The 7-0 vote supported the $82,997,634 spending plan updated a bit from the plan supported in February. For a summary of the approved budget changes, scroll down to page 17 and following in this document >>
The measure included $31,826, taken from reserve funds, to establish for the first time as a varsity sport an Alpine ski team as well as higher fees to bus Bishop and Gibbs students. In a separate motion, the committee voted unanimously to approve a single-child rate to $330 a year, from $270, and a family rate (more than one student) from $450, to $370.
Chief Financial Officer Michael Mason Jr. said the new fees would leave shortfall of $4,000 annually, instead of $11,000.
Kirsi Allison-Ampe, budget subcommittee chair, said the panel believed the recommendation "seemed reasonable" and a "necessary correction," in that fees had not increased in more than 10 years.
Committee member Bill Hayner asked whether the fees would be reviewed annually. Committee Chair Len Kardon noted the intent is to look at the issue every two years.
During public comment, parent Lynn Klosterman, representing the ski team, said efforts had continued since 2011 to make the sport a varsity offering, but the issue did not get traction until this year.
Immediately after, committee voted unanimously to add alpine skiing as a varsity sport.
Before doing so, member Paul Schlichtman said he is "very happy this is happening now" and is glad to see members of what had been a club sport participating.
Allison-Ampe said the recommendation left her "confused," saying she thought "we'd do a year and review" the matter.
Kardon said an annual review of policies would apply temporarily to all sports.
"I will vote for this," she said, saying the matter needs clarification.
As to the overall fiscal 2021 budget, Superintendent Kathleen Bodie’s proposed additions to the budget involve taking on extra staff to provide adequate support for the larger number of students. This includes hiring a math coach at the elementary school level, a Spanish teacher at the middle school level, an English language learners teacher at the high school level and special-education teachers for all three levels, among other positions.
Bodie also shared plans to hire a new librarian for the district, who will specialize in digital media literacy. This hire is part of the school district’s long-term plan to place a librarian in every school, she said.
Bodie says a swiftly growing student population is the reason behind a 6.34-percent increase in the school budget proposed for fiscal 2021.
Out of the almost $83 million amount, the town of Arlington would contribute $76,030,531, though a large part of that (19 percent of the total budget) will come from state aid, according to Mason.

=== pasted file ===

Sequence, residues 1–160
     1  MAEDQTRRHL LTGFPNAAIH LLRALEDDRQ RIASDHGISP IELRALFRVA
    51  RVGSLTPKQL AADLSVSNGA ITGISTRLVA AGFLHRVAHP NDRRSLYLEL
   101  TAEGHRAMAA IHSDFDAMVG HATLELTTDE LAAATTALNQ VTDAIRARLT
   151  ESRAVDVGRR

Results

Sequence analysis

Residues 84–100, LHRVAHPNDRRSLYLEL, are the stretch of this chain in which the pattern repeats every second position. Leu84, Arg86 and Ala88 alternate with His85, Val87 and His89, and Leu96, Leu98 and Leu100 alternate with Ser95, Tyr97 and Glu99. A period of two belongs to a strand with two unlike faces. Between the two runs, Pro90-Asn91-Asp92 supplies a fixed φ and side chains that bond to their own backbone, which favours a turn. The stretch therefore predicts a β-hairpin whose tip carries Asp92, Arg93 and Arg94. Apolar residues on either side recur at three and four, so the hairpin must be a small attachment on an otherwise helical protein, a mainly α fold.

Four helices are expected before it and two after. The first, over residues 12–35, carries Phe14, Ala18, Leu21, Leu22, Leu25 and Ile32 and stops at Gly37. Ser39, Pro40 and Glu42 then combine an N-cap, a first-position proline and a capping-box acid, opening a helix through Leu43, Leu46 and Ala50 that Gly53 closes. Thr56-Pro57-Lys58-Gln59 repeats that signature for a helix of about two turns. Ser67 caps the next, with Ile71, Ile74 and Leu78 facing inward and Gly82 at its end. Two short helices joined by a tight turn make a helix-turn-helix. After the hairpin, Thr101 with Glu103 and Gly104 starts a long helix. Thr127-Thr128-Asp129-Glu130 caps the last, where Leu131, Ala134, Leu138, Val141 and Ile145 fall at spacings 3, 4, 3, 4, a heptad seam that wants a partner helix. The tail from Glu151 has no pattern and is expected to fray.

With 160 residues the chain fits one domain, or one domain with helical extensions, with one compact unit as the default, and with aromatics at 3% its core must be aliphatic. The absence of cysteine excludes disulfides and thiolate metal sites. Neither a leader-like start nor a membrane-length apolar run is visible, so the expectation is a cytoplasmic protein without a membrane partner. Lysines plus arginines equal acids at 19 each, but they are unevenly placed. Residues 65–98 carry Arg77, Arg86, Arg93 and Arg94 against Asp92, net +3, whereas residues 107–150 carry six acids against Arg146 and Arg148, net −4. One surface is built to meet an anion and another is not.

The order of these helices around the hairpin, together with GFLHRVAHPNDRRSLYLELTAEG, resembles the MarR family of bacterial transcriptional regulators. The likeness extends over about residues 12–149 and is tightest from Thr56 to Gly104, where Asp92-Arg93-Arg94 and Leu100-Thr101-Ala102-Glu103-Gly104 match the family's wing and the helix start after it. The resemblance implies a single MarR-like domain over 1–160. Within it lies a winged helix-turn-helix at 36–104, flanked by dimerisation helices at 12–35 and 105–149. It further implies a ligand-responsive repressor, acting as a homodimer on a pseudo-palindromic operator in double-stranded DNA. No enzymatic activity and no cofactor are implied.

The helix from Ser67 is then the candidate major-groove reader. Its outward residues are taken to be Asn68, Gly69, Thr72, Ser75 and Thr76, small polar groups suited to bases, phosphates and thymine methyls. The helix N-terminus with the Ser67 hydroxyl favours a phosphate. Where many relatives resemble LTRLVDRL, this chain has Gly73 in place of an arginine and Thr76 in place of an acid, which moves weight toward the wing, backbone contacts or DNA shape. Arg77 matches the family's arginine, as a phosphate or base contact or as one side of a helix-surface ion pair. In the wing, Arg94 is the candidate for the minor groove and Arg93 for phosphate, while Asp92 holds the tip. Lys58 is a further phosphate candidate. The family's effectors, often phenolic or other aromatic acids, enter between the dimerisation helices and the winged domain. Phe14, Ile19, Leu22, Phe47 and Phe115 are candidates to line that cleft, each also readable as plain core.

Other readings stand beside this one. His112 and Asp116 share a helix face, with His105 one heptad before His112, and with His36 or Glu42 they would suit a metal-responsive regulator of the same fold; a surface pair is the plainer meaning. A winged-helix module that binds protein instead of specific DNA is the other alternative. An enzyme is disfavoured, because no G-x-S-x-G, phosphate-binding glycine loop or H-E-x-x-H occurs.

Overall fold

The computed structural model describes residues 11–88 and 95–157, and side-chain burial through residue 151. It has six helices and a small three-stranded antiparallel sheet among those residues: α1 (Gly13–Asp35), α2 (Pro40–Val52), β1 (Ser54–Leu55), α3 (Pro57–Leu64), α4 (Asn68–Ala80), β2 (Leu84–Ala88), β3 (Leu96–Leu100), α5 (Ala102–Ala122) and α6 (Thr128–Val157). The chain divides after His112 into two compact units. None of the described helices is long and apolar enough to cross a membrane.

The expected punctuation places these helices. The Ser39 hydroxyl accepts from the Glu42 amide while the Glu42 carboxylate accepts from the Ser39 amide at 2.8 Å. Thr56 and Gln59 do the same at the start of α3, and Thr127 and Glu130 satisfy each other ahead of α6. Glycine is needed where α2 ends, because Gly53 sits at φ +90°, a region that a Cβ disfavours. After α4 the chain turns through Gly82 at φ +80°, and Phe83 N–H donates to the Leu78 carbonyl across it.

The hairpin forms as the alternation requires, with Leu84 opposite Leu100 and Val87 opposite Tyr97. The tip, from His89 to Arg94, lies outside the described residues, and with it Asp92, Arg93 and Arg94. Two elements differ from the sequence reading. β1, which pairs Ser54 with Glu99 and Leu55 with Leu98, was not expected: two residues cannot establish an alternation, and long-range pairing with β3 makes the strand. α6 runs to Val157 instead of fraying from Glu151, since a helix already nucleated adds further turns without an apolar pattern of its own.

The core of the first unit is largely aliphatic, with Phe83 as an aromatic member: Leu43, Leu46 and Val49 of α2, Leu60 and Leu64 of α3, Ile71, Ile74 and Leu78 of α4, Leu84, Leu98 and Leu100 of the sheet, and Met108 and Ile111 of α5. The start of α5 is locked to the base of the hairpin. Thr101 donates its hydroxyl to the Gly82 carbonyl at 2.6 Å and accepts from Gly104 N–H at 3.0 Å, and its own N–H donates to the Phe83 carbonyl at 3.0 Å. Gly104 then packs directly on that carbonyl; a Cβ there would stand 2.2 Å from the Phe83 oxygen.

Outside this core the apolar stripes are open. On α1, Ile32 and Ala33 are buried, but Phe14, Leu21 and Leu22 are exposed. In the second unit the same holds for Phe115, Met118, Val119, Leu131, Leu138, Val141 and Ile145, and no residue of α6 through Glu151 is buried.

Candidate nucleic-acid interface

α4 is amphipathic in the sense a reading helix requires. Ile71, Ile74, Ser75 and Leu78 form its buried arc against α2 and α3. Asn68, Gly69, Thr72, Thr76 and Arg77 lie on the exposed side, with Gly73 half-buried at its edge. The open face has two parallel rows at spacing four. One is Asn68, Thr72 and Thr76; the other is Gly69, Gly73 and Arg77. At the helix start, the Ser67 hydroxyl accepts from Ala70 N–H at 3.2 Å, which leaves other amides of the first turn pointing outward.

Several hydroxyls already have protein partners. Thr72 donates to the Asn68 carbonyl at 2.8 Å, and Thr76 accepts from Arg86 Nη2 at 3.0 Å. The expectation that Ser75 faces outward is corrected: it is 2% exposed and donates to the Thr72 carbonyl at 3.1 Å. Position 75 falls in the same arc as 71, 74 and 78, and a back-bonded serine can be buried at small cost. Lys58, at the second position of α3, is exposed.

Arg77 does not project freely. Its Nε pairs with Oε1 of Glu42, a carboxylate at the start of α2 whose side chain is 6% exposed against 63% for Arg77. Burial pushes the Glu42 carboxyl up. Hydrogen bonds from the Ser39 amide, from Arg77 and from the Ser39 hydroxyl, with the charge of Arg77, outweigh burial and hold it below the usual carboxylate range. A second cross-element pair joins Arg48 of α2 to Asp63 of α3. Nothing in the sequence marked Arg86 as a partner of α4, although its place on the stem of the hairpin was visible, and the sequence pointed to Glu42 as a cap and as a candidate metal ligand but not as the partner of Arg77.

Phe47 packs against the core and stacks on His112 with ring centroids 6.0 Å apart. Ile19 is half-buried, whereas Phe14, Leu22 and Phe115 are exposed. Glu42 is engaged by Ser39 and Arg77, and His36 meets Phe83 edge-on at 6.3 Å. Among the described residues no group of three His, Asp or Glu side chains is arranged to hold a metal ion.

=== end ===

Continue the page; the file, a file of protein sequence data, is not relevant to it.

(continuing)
AHS building project update
Bodie provided an update about the Arlington High School rebuilding project, which has site work underway. She said that at a March 3 meeting, the building committee discussed a lack of progress as to geothermal wells.
She said a first practice well drilled down 1,000 feet near the Department of Public Works yard, 30 feet into bedrock, turned up what is believed to be coal tar. That is a thick, dark liquid that is a byproduct of the production of coke and coal gas from coal. A coal-gasification plant was once on the site where the DPW yard is.
The issue needs more testing, she said. Another test well is expected to be drilled on the softball field.
She reiterated that the new building will be all-electric, and that engineers have not yet decided about the total number of wells. "The issue is evolving," she said.
Further parking for equipment and workers must be sorted out. She said that temporary parking likely must expand on the practice soccer field, the basketball court near Menotomy Preschool and along Mill Brook Drive, the access way to Mill Street.
The building committee is next scheduled to meet March 24, but, given coronavirus measures, it is unclear whether it will. The design team is preparing to submit 50-percent drawings for the project.
The School Committee said farewell to member Jennifer Susse, who did not seek reelection after serving two terms.
On behalf of the committee, Kardon read in a statement, thanked Susse "for her years of service on the committee. Jennifer has brought an unrelenting focus to community engagement during her time on the committee, helping to strengthen the school liaison program, to launch the committee coffees and to make sure there was appropriate community outreach and engagement on all our major decisions.
"Jennifer also co-chaired the first Build Arlington’s Future campaign and has been a steadfast advocate for enhanced funding for our schools and school buildings. She has helped build bridges all around town to make the Gibbs, AHS, and operating overrides happen. She has been a huge asset to Arlington Public Schools and will be greatly missed."
Susse said that she had a "tremendous group of colleagues .... and learned so much."
According to a long-standing tradition, she was presented with chair.
In other business, Kardon asked committee members to give notice of their willingness to serve as officers for 2021-2022. Four candidates are seeking three three-year seats in the April 4 election -- incumbents Schlichtman and Hayner plus newcomers Elizabeth R. Exton and Lynette Martyn.
As to reestablishing the legal services review subcommittee, Hayner said that "expenses have gone up," and he is willing to serve, if reelected.
Kardon said athletics fees continue to be discussed, but more work must be done.
Feb. 17, 2020: School administrators propose $82.8M budget for fiscal '21
Fiscal 2020 school budget >>
This news summary was published Monday, March 16.
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